$800 million data center has merit

davenport data center
The 328 acre site of a proposed high-tech data center in the Eastern Iowa Industrial Center. CREDIT CITY OF DAVENPORT

There is much discussion about the merits of massive data centers like the $800 million data center for Meta, formerly known as Facebook, that was recently announced to be built in Davenport.

This announcement comes on the heels of a $576 million data center for Google that is being proposed in Cedar Rapids.

The concerns are that these data centers use too much electricity and water; they don’t create very many permanent jobs; the existing construction industry will be negatively impacted by workers, especially electricians, migrating to these data centers from other projects; and the social media giants like Meta and Google don’t need financial incentives since they are extremely profitable right now.

All of those concerns have merit, but we feel that the long-term benefits of these data centers, especially with the increase in property taxes and the construction impact, will benefit Davenport and the entire Quad Cities region. Not to mention that this positions Iowa well as Artificial Intelligence and big data continue to rapidly grow.

The Iowa Economic Development Authority (IEDA) board granted the City of Davenport the ability to utilize the High Quality Jobs (HQJ) program provision for value-added property tax exemption for this project. The project represents an $800 million capital investment and is expected to create 35 jobs incentivized at a qualifying wage of $28.76 per hour.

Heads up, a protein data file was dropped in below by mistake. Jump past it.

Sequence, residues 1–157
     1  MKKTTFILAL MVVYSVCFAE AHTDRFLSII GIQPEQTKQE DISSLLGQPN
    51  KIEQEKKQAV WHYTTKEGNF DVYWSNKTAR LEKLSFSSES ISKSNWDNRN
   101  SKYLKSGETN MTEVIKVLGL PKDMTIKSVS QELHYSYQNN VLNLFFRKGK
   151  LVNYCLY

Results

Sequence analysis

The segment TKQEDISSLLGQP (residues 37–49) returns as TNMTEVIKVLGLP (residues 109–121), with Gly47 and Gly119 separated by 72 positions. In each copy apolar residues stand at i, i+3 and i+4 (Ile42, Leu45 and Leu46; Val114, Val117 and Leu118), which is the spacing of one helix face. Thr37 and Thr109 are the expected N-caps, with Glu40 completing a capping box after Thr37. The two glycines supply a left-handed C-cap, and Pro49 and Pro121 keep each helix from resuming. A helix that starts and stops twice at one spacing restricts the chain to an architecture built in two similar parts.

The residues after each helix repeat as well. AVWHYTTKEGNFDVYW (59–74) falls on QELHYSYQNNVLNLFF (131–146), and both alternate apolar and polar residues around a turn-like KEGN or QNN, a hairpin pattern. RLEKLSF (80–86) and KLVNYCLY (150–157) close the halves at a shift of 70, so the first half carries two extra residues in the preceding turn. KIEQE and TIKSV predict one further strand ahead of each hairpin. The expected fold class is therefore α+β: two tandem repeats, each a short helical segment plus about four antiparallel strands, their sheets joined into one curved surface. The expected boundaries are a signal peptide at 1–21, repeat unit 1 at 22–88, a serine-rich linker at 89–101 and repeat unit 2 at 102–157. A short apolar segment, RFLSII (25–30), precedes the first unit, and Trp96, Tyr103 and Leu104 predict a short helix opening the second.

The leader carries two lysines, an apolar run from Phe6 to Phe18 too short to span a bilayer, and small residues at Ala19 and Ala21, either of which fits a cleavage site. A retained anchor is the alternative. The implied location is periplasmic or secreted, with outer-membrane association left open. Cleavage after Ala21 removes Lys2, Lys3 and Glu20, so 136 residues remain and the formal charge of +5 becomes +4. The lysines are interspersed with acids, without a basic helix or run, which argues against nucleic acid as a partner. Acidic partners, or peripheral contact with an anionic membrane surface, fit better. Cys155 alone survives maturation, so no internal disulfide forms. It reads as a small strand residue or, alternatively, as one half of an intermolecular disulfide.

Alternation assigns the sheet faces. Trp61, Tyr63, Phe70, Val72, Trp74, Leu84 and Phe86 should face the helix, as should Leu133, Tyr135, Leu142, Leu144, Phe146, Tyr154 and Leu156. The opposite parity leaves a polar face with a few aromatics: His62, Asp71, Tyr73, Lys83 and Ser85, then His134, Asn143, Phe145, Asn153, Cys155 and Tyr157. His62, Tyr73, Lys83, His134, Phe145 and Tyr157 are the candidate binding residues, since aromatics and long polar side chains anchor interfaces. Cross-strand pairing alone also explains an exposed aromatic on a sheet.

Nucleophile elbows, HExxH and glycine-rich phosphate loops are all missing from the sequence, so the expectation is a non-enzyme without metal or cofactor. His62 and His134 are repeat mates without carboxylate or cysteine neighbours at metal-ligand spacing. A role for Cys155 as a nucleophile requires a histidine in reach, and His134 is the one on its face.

Bruce Berger, Davenport’s director of community and economic development, previously told the QCBJ that the construction project alone would generate an economic impact of more than $1 billion in the region, and operationally, an annual economic impact of $78.6 million is projected. 

The new data center also would bring the estimated assessed value of the proposed location – which now stands at $958,000 – to $420 million. In addition, under this plan, the City of Davenport would benefit from retaining the remaining 40% of property taxes on the completed facility.

For example, it’s expected to generate $5.3 million each year in property taxes for Davenport and a total of $107 million over 20 years. Broken down further, the annual estimated property tax generated that will go to local taxing districts would include $2.5 million for the city, $900,000 for Scott County and $1.7 million for Davenport schools, according to a recent QCBJ news report.

Had this been a proposed $800 million manufacturing facility with thousands of permanent jobs, we certainly would have been supportive, but the reality is that adding that many permanent jobs to an already tight labor market would have been extremely problematic for the region. This data center is the best case economic scenario while the region looks to improve its workforce base.

We hope that this data center project comes to fruition and helps the region continue to grow and accommodate these rapidly expanding industries.

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